Students who have successfully completed George Brown College's two-year Community Worker program with a 75% average or better will be eligible for admission into Laurier's Bachelor of Arts in Social and Environmental Justice program.

This articulation is a 2+2 agreement, meaning successful participants will transfer in with two years of college education and complete their university degree in only two additional years of study at Laurier. In addition to the 10.0 transfer credits qualifying applicants will carry over from their college experience, 2+2 agreement participants will earn 10.0 credits over two years, as follows:

Brantford Foundations
  • BF190: Modernity and the Contemporary World
  • BF199: Academic Literacy: Humanities
  • BF290: Modernity: Critique and Resistance
  • BF299: Academic Literacy: Social Sciences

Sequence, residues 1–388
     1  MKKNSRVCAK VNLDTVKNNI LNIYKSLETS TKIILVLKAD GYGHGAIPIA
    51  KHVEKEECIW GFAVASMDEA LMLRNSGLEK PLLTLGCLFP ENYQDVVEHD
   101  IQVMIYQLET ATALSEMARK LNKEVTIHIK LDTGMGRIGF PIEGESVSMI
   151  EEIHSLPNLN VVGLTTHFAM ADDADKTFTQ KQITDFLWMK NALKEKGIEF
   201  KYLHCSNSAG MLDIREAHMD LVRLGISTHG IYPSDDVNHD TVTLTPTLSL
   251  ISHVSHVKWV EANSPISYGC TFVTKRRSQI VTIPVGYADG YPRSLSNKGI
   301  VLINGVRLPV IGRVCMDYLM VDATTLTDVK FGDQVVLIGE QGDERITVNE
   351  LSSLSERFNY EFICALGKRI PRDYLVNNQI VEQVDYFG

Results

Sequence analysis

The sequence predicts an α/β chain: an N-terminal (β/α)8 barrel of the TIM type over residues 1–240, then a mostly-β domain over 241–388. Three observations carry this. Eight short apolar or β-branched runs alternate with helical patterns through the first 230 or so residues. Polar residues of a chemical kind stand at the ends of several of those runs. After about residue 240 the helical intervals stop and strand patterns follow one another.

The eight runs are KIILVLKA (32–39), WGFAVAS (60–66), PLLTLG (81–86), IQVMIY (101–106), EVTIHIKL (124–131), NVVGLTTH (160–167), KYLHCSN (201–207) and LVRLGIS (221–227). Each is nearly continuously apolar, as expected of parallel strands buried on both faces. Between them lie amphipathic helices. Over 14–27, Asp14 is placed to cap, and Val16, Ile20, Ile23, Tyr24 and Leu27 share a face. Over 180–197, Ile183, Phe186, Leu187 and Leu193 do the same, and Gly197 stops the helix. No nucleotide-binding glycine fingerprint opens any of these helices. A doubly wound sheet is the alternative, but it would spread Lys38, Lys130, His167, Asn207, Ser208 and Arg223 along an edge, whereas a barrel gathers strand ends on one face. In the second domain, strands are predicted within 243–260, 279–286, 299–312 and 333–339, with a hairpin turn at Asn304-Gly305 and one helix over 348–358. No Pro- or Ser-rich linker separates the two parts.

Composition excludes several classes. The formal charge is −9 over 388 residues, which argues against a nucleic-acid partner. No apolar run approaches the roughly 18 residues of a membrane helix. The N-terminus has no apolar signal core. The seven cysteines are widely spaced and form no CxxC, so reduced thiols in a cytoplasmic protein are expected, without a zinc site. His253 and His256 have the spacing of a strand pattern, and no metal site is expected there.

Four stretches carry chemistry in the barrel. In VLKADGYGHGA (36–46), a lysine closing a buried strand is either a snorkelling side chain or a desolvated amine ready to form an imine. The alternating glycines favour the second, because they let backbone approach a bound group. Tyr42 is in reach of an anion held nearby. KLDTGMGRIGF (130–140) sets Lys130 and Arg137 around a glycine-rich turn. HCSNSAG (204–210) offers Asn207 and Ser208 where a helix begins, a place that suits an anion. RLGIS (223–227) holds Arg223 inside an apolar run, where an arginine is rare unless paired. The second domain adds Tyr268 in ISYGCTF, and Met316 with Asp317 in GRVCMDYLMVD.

Social and Environmental Justice Courses
  • SOJE100: The Engaged Citizen: Social and Environmental Justice in the 21st Century
  • SOJE215: Environmental Concerns: From the Grand to the Globe
  • SOJE222: Digital and Social Media: Critical Approaches
  • SOJE250: Understanding Global Capitalism
  • SOJE255: The Democratic Imagination
  • SOJE312: Sustainability and Global Society
  • SOJE370: Gender, Sexuality, and Social Justice
  • SOJE425: Social and Environmental Capstone: Another World is Possible
Additional Related Discipline Courses

2.5 senior SOJE credits including a maximum of 0.5 credit from the following related discipline courses:

  • DMJN327/MX327: Social Documentary
  • EN210: Literature and Social Change
  • EN250: Literature, Nature, Ecocriticism
  • GG231: Risks and Disasters: A Geographical Introduction
  • GG270: Cultural Geographies
  • HI240: The Active Historian
  • HI349: History of International Relations, 1890-1991
  • HR223/DMJN223: Understanding Public Policy for Issue Advocacy
  • HR231: Human Rights and the Environment
  • ID201: Indigenous Perspectives on Globalization
  • ID207: Gender and Indigenous Communities
  • LY300: Perspectives on Justice
  • PP224: Philosophy and the Environment